Planet of Sound
Public librarians aren't prone to looking gift horses in the mouth, but many have nevertheless been taken aback by the odd and in some cases overly generous allotments of free music CDs that have begun arriving in the last week as the result of the settlement of an antitrust lawsuit against major record companies.
The CD cornucopia - consisting of approximately 5.6 million compact discs - was billed as a windfall for libraries and schools when it was announced in September 2002 as part of a $144 million settlement of the lawsuit, which alleged that music distribution companies illegally inflated the price of CDs by requiring retailers to sell them at or above a set level in order to qualify for substantial advertising funding.
But when the first shipments began arriving last week, some librarians suspected that the companies - the Bertelsmann Music Group, EMI Music Distribution, Warner-Elektra-Atlantic, Warner Music Group and Sony Music Entertainment - were dumping CDs that had been gathering dust in warehouses when they received hundreds of copies of some titles for which there is little or no demand.
Among them are the librarians at the Tacoma (Wash.) Public Library, who last week received a shipment of 1,325 CDs that included 57 copies of "Three Mo' Tenors," a 2001 recording featuring classically trained African American tenors Roderick Dixon, Thomas Young and Victor Trent Cook; 48 copies of country artist Mark Wills' 2001 album "Loving Every Minute," 47 copies of "Corridos de Primera Plana," a greatest hits compilation by Los Tuscanes de Tijuana (2000); 39 copies of "Yolanda Adams Christmas" (2000); 37 copies of Michael Crawford's "A Christmas Album" (1999) and 34 copies of the Bee Gees' "This Is Where I Came In" (2001).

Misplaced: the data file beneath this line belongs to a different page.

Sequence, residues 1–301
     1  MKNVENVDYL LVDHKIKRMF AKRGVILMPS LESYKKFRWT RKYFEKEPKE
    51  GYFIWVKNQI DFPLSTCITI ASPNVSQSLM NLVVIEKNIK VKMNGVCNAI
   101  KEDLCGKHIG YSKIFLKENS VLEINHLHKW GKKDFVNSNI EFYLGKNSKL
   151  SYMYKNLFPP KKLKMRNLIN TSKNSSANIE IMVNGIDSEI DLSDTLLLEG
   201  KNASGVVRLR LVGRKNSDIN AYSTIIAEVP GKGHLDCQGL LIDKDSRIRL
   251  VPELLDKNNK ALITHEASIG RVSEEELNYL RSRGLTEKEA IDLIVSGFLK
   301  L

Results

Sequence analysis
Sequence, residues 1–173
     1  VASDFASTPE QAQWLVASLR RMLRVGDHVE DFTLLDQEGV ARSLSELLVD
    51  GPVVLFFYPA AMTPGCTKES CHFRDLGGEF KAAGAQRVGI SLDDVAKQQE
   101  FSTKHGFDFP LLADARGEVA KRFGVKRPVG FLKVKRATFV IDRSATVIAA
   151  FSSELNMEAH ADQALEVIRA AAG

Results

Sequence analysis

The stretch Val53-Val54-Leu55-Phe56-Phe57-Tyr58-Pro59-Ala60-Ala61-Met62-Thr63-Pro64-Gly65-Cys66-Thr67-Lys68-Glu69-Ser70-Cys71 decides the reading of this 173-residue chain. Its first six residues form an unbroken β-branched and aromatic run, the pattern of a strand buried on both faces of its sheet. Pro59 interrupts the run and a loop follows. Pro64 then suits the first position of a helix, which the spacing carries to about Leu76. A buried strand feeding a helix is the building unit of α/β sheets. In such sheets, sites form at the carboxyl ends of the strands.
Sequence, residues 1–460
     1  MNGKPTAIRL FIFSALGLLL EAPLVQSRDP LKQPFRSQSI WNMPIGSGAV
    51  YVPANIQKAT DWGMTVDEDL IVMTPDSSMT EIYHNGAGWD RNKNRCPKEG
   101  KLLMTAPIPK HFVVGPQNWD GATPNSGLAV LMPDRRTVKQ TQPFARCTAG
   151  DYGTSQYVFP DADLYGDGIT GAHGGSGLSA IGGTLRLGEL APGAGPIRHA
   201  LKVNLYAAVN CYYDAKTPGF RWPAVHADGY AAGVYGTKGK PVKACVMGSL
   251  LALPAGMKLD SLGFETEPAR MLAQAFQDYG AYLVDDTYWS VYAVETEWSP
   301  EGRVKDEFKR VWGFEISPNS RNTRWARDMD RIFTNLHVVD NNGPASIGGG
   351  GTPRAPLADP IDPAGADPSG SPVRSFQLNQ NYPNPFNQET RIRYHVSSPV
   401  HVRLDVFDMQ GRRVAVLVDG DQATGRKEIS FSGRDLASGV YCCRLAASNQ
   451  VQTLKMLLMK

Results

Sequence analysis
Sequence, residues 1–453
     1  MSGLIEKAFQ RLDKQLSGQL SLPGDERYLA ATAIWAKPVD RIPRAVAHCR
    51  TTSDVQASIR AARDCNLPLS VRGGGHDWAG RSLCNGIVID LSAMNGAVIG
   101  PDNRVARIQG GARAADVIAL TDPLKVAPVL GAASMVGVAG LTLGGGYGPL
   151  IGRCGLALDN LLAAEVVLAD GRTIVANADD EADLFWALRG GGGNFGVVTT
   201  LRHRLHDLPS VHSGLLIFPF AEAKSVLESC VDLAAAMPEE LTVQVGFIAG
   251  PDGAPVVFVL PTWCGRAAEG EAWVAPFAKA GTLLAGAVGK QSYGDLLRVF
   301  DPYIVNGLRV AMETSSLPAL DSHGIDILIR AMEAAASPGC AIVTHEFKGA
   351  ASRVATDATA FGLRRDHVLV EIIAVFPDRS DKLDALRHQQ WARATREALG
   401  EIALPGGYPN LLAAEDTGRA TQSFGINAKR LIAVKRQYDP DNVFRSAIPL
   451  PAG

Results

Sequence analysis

Eva Silverstone, communications director for the Spokane Public Library, said the library in eastern Washington received many copies of "Three Mo' Tenors" among its 1,325 CDs, along with "tons of copies of Christina Aguilera's Christmas album." All told, she said, 15 titles represented 36 percent of the shipment.
The public library in Worcester, Mass., with a main library and two branches, received 150 copies of "Nastradamus," a 1999 album by the rapper Nas, and 148 copies of "Entertainment Weekly's Greatest Hits of 1971."
The Des Moines (Iowa) Public Library was on track to take the lead in redundancies, though the identification of the programming bug may come in time to avert what might have been a record overkill. Its crate of 2,647 CDs, due to arrive in the next couple weeks, was listed as containing 430 single-song discs – 16 percent of the total -- of Whitney Houston singing "The Star Spangled Banner" at the 1991 Super Bowl, according to Steve Cox, of the Iowa State Library.
"We've been wondering if we're going to get 12,000 Yanni CDs," said Wallace Hoffsis, director of collections development for the Sacramento (Calif.) Public Library.
Turns out that it was just a computer glitch that shuffled all these stinkers off to the libraries but still, what is one to do with 430 copies of "Star Spangled Banner," as mangled by the crack-addled warbling of Whitney Houston?
link via Neil Gaiman.